Five rules to live by during a pandemic and implications for Real Estate practice

While it might feel as if the coronavirus crisis is over, it’s not. The virus is still out there. But some things have changed.

And because life during a permanent lockdown isn't sustainable, public health experts are beginning to embrace a "harm reduction" approach, giving people alternatives to strict quarantine. These options — like forming a "bubble" with another household or moving social activities outdoors — don’t eliminate risk, but they minimize it as people try to return to daily life.

Nobody knows exactly what will happen as cities and communities open up. The most likely scenario is that virus cases will continue to surge and fall around the globe for the foreseeable future.

It's hard to imagine how we will avoid another surge in infections, which is why these harm reduction approaches that keep people away from much higher risk situations are so important,” suggests a prominent Harvard Medical School epidemiologist.

While we've learned to live with masks and social distancing, as well as new rituals of hand-washing after handling packages and touching surfaces, we need some basic rules to minimize risk and still have a life going forward. We're suggesting these five tools / rules to live by during this time:

  • Check your health (and that of your Family and Community) regularly
    • Use a thermometer and a oxipulsemeter
    • Test yourself, if you feel ill
  • Limit the number of your daily close contacts
    • You are safest at home so care is needed when you venture out
  • Manage your own budget
    • Risk is cumulative so you’ll have to make trade-offs, skipping things that matter less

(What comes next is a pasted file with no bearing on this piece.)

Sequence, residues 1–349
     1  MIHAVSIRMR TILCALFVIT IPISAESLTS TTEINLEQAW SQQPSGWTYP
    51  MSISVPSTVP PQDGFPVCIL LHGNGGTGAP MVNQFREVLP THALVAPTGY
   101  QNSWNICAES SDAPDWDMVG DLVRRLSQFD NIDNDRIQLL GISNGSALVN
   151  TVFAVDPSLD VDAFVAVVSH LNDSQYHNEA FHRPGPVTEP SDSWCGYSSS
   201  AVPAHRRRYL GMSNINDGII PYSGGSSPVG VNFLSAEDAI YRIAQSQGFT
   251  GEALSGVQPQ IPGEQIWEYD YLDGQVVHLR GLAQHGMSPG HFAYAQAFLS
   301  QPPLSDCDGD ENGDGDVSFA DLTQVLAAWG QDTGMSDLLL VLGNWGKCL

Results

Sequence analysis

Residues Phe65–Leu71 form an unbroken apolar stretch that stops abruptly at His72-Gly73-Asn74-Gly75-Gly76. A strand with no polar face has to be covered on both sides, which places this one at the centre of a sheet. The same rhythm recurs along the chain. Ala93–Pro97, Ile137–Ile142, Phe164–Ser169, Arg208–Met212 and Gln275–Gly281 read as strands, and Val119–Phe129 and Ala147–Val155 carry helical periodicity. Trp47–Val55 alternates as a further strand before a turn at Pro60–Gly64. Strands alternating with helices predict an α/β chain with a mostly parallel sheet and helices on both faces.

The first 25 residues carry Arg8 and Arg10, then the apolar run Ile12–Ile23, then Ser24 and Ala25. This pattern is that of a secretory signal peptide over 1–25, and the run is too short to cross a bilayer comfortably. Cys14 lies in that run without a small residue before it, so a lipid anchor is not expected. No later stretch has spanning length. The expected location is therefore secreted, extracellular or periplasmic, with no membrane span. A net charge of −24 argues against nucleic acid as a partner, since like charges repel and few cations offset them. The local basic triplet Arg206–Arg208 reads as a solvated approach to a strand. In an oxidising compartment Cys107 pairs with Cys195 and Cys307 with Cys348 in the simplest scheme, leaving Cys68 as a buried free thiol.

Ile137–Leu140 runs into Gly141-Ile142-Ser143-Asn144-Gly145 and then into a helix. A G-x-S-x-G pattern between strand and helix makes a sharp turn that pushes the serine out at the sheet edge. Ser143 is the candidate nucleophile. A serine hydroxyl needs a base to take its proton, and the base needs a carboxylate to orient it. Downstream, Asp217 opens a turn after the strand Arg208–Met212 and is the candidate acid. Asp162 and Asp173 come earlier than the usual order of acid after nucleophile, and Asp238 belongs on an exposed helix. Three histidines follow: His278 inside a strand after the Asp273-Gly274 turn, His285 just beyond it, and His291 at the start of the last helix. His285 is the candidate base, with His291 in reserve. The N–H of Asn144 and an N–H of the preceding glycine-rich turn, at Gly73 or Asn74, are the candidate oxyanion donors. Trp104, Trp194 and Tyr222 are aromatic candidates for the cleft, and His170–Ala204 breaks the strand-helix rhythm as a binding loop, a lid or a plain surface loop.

• Identify and keep higher risk activities to a minimum
    • Make your plans BUT keep asking – 'is it worth it'?
  • Keep up your regular Pandemic precautions
    • Wear the mask, wash the hands, practice distancing

Implications for Real Estate:

  • Social distancing forces a reduction in the intensity of business, where the built environment, designed to accommodate a large number of people, is now to be used sans 50% of the people, in the least!
  • We are moving towards "touchless" and "contactless" technologies in bathrooms, elevators, doors
  • Sanitisation systems are in place and are working
  • Most importantly, consumers of the Built Environment need to be made aware of the changes and should adopt these new practices
  • The reset to business and real estate practice on account of COVID-19 represent "New Normal" norms and practices

About the Author

Jonathan Yach, MRICS

Jonathan Yach, MRICS

Jonathan is a 35 year real estate services and management veteran, with hand-on management experience in the complex markets of South /East African and India

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